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Subterranean HD Blues - Blather. Rants. Repeat.
A Møøse once bit my sister ...
Subterranean HD Blues
Let's say you owned a company that received a great gift from the gummint: a free and virtually unfettered license to use public property to reach out to hundreds of thousands of local residents. To inform, entertain and even market for your own profit!  And all you need do in response is file some periodic paperwork (pretty menial as this stuff goes), meet some minimal public-service requirements, and keep your language clean.  There's some hardware and royalty cost involved, but most companies like yours have already incurred it. Now that you have this great gift, what would you do with it?

(a) Maximize its potential to reach an audience: encourage listeners to invest in the technology to receive your transmissions and promote it heavily, the way the movie industry has been doing with Blu-Ray the past few years;

(b) Take a middling approach: don't go nuts on the marketing front, but do some promotion of the technology around your corporate holdings so people know it's out there and the way of the future; or

(c) Bury it.  Provide the bare minimum disclosure on other platforms that the property even exists, never ever mentioning it beyond a once-an-hour cryptic reference if you even do that; and treat those who do find out about it with minimal attention and little encouragement of their experience with you.

If the gift in question is something called HD radio, the broadcast industry has answered this question clearly and near-unanimously. And as a lifelong fan of free terrestrial radio, it's really hard to (c) why.


For more than 30 years, I've followed a variety of formats and general weirdness on an FM station at the end of the Western New York dial. I recounted a lot of that history back in 2011 when its Intergalactic Megacorp owners flipped the frequency from a lovely mix of rock to a simulcast of scree from one of their local right-wing AM talkers.  That experiment lasted just over two years, when the simulcast ratings were lower than anything ever put on it before, and since 2013, it's been switched back to a music format. It's alt-rock, and hit-or-miss whenever I tune into it, but here's the weird thing:  all during the hate-speech era and even now, the cool format from "The Lake" is still streaming on the Internet, and over the public airwaves on 107.7 WLKK-HD2.

And I'm one of about five people to notice.

I did almost randomly, finding that the 1077TheLake.com website is still active, still playing the same kinds of songs with no repeats or interruptions that they did when they were on regular FM. I now alternate them with WRUR in my earbuds and through my car speakers for most of the week.

In terms of creative additions to the music, it ain't much. No local DJs, pretty much an endless loop of tunes, and, here's the best part, no commercials.  The stream is a little wonky and my phone can't always get it- and the displays of the song being played are often ahead of or behind what's in my ear-  but so what?

Perhaps stranger is that this same programming is actually broadcast over the airwaves to anyone who has an HD receiver to get the current FM content on WLKK-HD1- but by all indications, nobody does.  The Alt-Buffalo station has never mentioned it on the air within my hearing, and I've never seen a mention in any other medium about it.  (Exception: I did discover that they've set up a rudimentary Facebook page for the thing, titled Subterranean HD Radio- which is semi-regularly updated, and which 94 actual people (including me) have Liked.)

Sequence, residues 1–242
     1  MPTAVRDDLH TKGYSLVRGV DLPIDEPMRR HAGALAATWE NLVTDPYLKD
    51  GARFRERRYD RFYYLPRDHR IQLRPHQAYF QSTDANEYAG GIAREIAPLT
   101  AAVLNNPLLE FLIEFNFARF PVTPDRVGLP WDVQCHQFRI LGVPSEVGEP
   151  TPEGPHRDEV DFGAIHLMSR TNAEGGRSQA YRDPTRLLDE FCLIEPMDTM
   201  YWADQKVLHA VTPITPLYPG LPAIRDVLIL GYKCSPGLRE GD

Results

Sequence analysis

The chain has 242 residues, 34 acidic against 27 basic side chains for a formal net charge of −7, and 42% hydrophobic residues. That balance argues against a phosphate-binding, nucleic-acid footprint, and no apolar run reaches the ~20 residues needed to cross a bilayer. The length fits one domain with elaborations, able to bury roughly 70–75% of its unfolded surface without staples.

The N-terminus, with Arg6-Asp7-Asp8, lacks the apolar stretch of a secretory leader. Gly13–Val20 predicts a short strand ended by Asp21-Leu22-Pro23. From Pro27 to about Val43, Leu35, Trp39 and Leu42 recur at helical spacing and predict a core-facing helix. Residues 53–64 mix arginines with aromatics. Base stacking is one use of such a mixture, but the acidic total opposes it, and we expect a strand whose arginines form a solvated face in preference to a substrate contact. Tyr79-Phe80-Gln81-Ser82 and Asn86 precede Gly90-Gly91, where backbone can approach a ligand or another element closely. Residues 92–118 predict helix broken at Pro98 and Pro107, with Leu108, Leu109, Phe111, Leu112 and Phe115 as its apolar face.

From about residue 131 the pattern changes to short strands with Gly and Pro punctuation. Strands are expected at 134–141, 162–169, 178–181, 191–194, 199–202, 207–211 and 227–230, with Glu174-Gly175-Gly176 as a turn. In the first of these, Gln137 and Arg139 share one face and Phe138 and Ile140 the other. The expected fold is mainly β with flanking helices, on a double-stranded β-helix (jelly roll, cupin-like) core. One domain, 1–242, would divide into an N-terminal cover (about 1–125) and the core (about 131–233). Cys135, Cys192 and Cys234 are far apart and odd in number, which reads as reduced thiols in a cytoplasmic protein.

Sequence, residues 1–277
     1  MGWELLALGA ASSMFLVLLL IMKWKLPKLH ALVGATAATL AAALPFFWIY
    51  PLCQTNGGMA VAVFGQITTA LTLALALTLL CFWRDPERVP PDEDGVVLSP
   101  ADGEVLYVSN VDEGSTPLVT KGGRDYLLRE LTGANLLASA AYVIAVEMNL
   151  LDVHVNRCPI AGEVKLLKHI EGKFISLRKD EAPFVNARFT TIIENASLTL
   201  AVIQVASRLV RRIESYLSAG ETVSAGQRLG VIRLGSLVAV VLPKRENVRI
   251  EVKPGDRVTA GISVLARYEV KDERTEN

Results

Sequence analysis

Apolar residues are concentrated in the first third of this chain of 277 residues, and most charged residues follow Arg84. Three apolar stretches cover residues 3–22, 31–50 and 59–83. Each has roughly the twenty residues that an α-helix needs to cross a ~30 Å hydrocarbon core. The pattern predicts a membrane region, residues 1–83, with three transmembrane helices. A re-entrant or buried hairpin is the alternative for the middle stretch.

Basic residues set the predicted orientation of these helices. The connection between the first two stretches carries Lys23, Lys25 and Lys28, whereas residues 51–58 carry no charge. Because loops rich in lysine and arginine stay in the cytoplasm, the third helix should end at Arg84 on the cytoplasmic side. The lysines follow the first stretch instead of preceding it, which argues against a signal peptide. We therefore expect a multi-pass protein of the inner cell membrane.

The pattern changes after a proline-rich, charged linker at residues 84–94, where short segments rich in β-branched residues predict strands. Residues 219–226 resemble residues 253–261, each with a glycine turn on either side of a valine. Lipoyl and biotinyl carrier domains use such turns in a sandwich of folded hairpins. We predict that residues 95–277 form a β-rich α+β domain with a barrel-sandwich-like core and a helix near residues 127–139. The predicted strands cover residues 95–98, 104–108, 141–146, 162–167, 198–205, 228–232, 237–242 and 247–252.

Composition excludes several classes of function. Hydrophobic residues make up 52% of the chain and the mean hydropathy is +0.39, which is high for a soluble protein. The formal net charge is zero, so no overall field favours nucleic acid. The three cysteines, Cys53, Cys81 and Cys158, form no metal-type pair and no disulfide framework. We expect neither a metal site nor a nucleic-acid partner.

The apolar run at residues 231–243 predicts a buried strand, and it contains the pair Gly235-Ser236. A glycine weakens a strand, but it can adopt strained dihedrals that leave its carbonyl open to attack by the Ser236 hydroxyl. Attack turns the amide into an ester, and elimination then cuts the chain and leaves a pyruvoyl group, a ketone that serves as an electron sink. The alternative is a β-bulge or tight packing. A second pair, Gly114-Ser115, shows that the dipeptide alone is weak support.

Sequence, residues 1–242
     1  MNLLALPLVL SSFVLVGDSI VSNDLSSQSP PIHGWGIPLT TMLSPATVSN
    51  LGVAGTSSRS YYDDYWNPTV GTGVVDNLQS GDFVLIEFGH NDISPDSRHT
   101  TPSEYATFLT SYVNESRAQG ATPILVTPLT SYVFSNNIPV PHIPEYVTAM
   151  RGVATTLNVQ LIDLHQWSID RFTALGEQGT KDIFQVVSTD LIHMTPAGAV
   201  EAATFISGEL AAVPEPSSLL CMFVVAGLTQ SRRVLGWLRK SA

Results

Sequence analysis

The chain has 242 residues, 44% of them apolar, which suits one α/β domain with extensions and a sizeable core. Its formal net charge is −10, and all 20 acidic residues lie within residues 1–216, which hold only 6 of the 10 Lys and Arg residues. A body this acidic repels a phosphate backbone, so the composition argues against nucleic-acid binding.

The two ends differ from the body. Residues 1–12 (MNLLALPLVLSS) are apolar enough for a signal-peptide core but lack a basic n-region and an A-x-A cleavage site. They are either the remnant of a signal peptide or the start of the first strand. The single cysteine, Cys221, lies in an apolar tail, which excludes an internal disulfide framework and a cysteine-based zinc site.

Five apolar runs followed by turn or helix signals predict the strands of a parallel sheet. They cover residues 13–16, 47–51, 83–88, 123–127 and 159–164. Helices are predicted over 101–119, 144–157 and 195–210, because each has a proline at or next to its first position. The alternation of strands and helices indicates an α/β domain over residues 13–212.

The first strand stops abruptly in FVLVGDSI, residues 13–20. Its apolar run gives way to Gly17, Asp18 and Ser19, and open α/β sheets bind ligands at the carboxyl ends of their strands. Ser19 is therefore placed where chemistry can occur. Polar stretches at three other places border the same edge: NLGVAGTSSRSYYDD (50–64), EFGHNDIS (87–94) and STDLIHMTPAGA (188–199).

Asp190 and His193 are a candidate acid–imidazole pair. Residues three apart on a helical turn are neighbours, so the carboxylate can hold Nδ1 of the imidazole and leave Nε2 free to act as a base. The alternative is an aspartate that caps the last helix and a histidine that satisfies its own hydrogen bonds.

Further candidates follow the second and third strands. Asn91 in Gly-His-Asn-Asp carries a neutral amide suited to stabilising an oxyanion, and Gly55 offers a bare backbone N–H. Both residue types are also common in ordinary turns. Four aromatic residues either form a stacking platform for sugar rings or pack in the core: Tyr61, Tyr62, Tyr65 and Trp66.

So back to the question posed earlier- why does the owner of this frequency do so little to promote it, use it, even try to make a shekel off it?


Some of it is techstupidity.  Unlike most open-source innovations that changed technological realities like .mp3 audio, HD radio in this country is completely proprietary- the intellectual-property-protected bailiwick of a company called iBiquity. In fact, they will tell you (possibly in a cease-and-desist letter from their lawyers) that HD does not stand for high definition (which it is), or hybrid digital (which it also is), but rather that it stands for nothing except iBiquity's right to exploit it.

And thus, their miserly control of the market has impeded the growth and innovation that might have been. There's been virtually no supply of, or demand for, HD radios in either homes or cars, even though the hardware has come down significantly in cost since the introduction of the technology.  It also hasn't helped that the government hasn't forced the switch from analog radio signals the way it did a few years back by taking back the analog portion of the TV-channel spectrum. (Most people barely noticed that change because they don't get their TV over the air in a cable-dominated nation; on the other hand, except for a few odd places, cable delivery of any kind of radio signals is virtually unheard of.)

If I could install an HD radio adapter in my car, or order it from the factory, for under 100 bucks, I probably would. Likewise, if an HD-Man type receiver came along that would receive the signals and be playable through my car or home audio systems for similar cost, it'd be something I'd consider.  Yet neither manufacturers nor broadcasters seem to have any interest in making those options available- and given the possibility (already commented on here) that cars won't have ANY factory-installed radio receivers a decade from now, I suspect they're just circling the wagons to protect their much more profitable analog-signal businesses while the Get Off My Lawn Generation is still alive to listen to them.
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